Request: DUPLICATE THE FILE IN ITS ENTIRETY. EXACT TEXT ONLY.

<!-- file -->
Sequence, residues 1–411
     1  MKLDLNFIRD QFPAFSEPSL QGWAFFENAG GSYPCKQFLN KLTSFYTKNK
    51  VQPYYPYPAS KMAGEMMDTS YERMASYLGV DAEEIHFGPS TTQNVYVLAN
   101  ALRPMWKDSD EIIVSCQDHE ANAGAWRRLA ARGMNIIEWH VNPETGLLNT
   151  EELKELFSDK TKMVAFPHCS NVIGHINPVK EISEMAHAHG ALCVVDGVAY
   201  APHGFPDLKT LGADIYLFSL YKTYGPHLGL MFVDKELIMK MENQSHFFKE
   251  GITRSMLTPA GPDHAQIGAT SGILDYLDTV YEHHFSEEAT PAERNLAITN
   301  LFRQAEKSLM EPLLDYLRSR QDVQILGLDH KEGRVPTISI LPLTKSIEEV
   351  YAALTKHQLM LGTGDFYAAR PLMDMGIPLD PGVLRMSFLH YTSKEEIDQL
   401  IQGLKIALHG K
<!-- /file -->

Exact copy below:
Sequence, residues 1–411
     1  MKLDLNFIRD QFPAFSEPSL QGWAFFENAG GSYPCKQFLN KLTSFYTKNK
    51  VQPYYPYPAS KMAGEMMDTS YERMASYLGV DAEEIHFGPS TTQNVYVLAN
   101  ALRPMWKDSD EIIVSCQDHE ANAGAWRRLA ARGMNIIEWH VNPETGLLNT
   151  EELKELFSDK TKMVAFPHCS NVIGHINPVK EISEMAHAHG ALCVVDGVAY
   201  APHGFPDLKT LGADIYLFSL YKTYGPHLGL MFVDKELIMK MENQSHFFKE
   251  GITRSMLTPA GPDHAQIGAT SGILDYLDTV YEHHFSEEAT PAERNLAITN
   301  LFRQAEKSLM EPLLDYLRSR QDVQILGLDH KEGRVPTISI LPLTKSIEEV
   351  YAALTKHQLM LGTGDFYAAR PLMDMGIPLD PGVLRMSFLH YTSKEEIDQL
   401  IQGLKIALHG K